Late-Night Snack Post Halloween-Party:

  • Both: Shared a PB&J sandwich and a grilled cheese sandwich

 

SUNDAY:

photo 1 (2)

Breakfast:

  • Josh: Oatmeal and hard-boiled egg
  • Tracy: Half PB&J Sandwich, banana

Lunch:

  • Josh: Rice and Beans, leftover pasta
  • Tracy: Leftover pasta, apple, carrots, applesauce

Snack:

  • Josh: Tuna sandwich

“The Last Supper”:

  • Both: Chicken with honey mustard sauce, sweet potatoes and fresh steamed broccoli

Dessert:

  • Brownies ***spent $3.00 on the ingredients total, $2.58 of emergency money remaining.*** We had heard that in order t- make “skinny brownies,” you can substitute the eggs and oil for a can of diet soda, so we subbed diet coke. The brownies were AWFUL and I didn’t eat them. Note to self: don’t experiment with new recipes when living on a limited budget.
"The Last Supper"

“The Last Supper”

Look for a follow up post about the entire week in review!

@PostGradSAP

Tracy

SNAP Challenge: Day 5 in Review

Breakfast:

  • Tracy: 1/2 PB&J and a banana
  • Josh: Oatmeal and hard-boiled egg

    The Sodium Special

    The Sodium Special

Lunch:

  • Tracy: Egg salad (no bread), applesauce, carrots and an apple
  • Josh: Apple, leftover pasta with veggies and chicken, rice and beans

Dinner:

  • Tracy: Grilled cheese and 1/2 package of Ramen with mushrooms added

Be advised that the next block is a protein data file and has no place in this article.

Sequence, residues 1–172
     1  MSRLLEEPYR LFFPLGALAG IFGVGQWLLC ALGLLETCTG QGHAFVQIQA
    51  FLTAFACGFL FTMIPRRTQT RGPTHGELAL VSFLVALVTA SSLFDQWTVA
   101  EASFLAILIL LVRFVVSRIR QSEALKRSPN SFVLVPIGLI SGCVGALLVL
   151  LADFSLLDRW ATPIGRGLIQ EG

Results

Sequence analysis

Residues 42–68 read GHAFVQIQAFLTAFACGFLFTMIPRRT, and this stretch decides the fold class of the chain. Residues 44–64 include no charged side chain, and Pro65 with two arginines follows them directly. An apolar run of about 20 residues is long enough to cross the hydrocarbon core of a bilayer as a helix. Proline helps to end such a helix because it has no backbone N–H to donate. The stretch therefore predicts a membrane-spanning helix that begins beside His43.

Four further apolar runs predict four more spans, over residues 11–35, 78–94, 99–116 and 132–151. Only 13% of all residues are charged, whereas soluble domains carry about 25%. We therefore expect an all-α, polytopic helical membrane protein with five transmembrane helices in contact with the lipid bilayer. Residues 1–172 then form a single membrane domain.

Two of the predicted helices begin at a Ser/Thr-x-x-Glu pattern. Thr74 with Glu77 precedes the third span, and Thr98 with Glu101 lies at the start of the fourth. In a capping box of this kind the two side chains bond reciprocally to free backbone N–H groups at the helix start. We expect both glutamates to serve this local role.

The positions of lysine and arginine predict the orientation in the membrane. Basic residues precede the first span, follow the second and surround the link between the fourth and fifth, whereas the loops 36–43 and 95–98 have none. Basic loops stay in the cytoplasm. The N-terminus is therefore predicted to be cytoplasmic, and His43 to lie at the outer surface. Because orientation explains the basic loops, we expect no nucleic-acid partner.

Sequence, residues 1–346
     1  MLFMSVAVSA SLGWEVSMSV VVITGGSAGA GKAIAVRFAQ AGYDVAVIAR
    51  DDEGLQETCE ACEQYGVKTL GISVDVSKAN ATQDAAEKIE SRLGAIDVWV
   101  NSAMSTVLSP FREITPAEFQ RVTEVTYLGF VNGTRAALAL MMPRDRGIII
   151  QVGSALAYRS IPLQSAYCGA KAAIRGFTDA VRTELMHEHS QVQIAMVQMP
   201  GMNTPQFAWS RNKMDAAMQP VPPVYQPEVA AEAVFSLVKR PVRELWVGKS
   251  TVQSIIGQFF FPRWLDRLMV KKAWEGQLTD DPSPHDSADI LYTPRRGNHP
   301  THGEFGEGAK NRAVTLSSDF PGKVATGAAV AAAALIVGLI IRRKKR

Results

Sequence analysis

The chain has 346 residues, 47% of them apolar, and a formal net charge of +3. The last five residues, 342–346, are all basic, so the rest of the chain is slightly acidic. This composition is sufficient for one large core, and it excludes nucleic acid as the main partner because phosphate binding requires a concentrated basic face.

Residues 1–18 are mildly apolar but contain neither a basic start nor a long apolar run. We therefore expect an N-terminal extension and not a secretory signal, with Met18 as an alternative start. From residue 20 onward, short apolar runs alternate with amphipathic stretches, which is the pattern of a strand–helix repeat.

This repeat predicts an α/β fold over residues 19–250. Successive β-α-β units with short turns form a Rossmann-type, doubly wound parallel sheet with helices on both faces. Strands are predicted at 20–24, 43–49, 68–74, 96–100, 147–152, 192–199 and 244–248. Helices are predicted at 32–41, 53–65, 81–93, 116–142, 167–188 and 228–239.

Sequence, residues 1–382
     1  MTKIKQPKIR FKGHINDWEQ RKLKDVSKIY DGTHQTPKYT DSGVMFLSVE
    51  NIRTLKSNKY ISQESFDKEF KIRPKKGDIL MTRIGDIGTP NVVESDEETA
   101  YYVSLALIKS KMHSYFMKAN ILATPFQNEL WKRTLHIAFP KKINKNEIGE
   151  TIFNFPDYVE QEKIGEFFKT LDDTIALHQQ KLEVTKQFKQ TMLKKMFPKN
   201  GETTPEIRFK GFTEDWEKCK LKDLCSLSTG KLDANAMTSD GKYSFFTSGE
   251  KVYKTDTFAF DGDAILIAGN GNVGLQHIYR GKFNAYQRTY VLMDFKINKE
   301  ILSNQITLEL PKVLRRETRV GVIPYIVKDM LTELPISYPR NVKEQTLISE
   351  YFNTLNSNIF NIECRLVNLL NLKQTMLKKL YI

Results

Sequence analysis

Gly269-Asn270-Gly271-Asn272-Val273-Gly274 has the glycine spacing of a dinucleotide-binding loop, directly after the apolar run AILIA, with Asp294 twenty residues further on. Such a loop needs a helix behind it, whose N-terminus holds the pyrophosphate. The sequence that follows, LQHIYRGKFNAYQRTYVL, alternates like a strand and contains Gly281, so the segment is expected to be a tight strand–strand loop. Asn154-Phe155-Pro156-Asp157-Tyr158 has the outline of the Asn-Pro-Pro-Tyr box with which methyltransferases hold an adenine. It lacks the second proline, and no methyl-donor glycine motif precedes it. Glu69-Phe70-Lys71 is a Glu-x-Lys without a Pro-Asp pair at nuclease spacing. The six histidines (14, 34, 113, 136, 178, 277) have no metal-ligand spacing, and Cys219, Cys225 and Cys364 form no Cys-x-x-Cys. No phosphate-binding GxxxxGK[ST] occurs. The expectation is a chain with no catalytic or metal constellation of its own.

• Josh: Tuna melt and rice and beans

 

The week is beginning to wind down and I’m starting to reflect more on how the challenge has changed me.  Poverty has started taking over my life. I’m astonished to find that I wasn’t looking forward to the weekend nearly as much as I often do. Somehow my typical 2 day refuge seems less worthy without meals with friends and special outings to look forward to. I was shocked to discover how much of our social lives really do revolve around eating. By mid-week, I was looking for an excuse to get together with my girlfriends and all I could think of was taking a walk in the park. I’ve been trying to veer away from shopping this week as  a means to spend the extra time on my hands, so JJ and I have taken to cleaning the house, watching movies on TV and getting to bed early. In regards to food, I am most accustomed to doing whatever is the most convenient at the time. The preparation and level of effort that revolves around meal planning and food preparation when living below the poverty line is unparalelled. No longer am I able to make choices of convenience. If I were to do this long-term, I imagine I would take to planting a garden out back or participating in the cultivation of a community garden, however, I understand that for most this may not be a reality. Throughout the week, numerous friends and coworkers have offered assistance in the form of small snacks or sweet treats, and although I appreciate their support, myself and Josh have both declined such offers. Truthfully, most people who live in poverty, are part of a community that does as well and therefore, we cannot accept any extra sustenance.

JJ planning our last 3 days of meals. And yes, those are my pajama bottoms.

JJ planning our last 3 days of meals. And yes, those are my pajama bottoms.

With only 2 days to go, I find myself over-thinking nearly everything I am putting into my mouth. I find the psychology of the challenge similar to that of an extreme-diet regime, I continue to second guess myself. If I eat this extra banana, will I have enough for the rest of the week? If we prepare chicken tonight, can we survive three days in a row without any protein? If I eat the leftover pasta, will JJ be upset that I was the one who disallowed him from partaking as well? The stresses and insecurities are really beginning to take over.